Why I Look Outside my Comfortable Liberal Bubble

I voted yesterday.

I voted to approve gay marriage in Washington State, I voted to make marijuana legal in Washington State. I voted to reinstate Barack Obama as President. And in Washington, I would imagine that most of these things will be what the majority chooses as well.

I live and study and work in the New York Metropolitan Area, also a bastion of liberal thought. I spent my days being friends with anarchists, talking to artists, drinking with performers.  I write an obviously liberal feminist blog and spend my days researching feminism in America.

My worldview, if I chose to let it be, would be very cushy. Nobody is going to take away my right to choose in New Jersey, or New York. New York already HAS gay marriage. It could be very difficult to remember that I live in the same country as the Tea Party, if I chose to let it be that way.

But I don’t choose that path. I choose to be cognizant of the country that I live in, and the differences between my politics, and the politics in other parts of this country. I have to recognize that there are people who think that being gay is a thing you should be put to death for. There are people who believe that I shouldn’t have the decision of whether or not I carry a pregnancy to term.

I went to a relatively conservative college for undergraduate work, and I remember feeling like minority in my own home state. I think this was a good experience for me, because it taught me that even if I am surrounded by the people who agree with me, there’s always going to be someone who wants to convince me that my belief is wrong. I remember coming away from heated political discussions in tears. These days, i value having experienced this because I need to remember that I don’t live in a Liberal Wonderland. So these days, I watch documentaries. I read books. I go out of my way to read the kinds of news stories that frustrate me and upset me. And I do it so that I remember. Because I can’t afford to forget that I live in a patriarchal society. I can’t afford to forget that I live in an anti-feminist world. I can’t forget that I live in the same country where Matthew Shepherd and Brandon Teena were killed.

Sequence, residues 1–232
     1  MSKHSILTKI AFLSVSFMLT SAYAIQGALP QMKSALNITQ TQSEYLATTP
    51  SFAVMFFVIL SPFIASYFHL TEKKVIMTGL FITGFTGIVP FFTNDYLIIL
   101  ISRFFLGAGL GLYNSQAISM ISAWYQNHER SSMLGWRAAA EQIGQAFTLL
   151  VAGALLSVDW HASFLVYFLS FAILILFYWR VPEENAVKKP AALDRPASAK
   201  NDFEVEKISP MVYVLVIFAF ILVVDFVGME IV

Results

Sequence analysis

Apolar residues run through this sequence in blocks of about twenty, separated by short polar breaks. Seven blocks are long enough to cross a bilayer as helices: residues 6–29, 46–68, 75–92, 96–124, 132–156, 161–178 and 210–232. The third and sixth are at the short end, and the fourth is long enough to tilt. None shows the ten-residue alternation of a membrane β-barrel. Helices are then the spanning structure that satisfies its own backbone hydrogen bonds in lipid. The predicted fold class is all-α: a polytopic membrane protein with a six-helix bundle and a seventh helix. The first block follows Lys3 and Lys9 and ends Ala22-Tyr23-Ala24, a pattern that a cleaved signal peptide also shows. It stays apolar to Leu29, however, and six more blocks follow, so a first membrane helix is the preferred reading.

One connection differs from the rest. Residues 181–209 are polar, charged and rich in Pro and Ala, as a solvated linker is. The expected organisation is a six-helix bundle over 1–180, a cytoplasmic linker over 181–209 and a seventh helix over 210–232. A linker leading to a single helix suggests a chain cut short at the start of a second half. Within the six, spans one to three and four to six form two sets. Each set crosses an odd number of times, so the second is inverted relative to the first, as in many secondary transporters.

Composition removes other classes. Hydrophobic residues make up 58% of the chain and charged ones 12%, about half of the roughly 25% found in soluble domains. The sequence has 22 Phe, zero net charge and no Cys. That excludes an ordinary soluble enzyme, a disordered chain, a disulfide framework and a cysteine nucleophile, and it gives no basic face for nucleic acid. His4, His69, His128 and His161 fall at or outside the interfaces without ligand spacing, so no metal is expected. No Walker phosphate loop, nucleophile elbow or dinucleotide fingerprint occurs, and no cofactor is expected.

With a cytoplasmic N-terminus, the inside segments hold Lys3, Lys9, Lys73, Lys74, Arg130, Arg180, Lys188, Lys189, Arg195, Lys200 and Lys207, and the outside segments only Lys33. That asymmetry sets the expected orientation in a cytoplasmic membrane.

I have to remember, because if I don’t someday I may turn around and see that my rights are gone. Even from inside our liberal bubble, we must strive to know what is happening outside of it. We’re one country, not two. When interracial marriage was illegal, it was illegal everywhere. Protecting ourselves is about more than just protecting our little bubble. We have to protect the whole nation.

 

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1 Comment

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One response to “Why I Look Outside my Comfortable Liberal Bubble

  1. Theresa

    It feels sometimes that my mind lives in two worlds. It seems so obvious to me that same-sex couples should be allowed to marry, in fact, that LGBT people should be equal to straight people under the law, and that women are the people in the best position to make appropriate choices about their own healthcare. Yet I live in a state that has recently passed restrictive anti-abortion laws. I live in a state that, in 2011, passed a bill effectively preventing cities from adopting their own anti-discrimination laws and requires them to use state laws which do NOT protect GLBT people from discrimination in the workplace. I live in a city that voted to remove Title X funding from Planned Parenthood, giving in instead to Christ Community Health Services. I live in a city that made a huge step forward by passing an ordinance protecting GLBT employees of the city from being fired- an ordinance that prompted some of the most influential people in the area, the ministers of large Christian (mostly Baptist) churches to speak out against these protections, saying that protecting GLBT employees from being fired was “promoting a harmful lifestyle,” and would be “detrimental to the community.”

    I lived in a liberal bubble once, and I thought I understood that not every place in the country was as comfortable as where I was, but I could never have conceived of a place where so many acts of local and state government feels like a personal attacks. I hope that someday I will see an outpouring of support of Tennesseans for GLBT rights issues as passionate as the one from Washington’s Ref 74.

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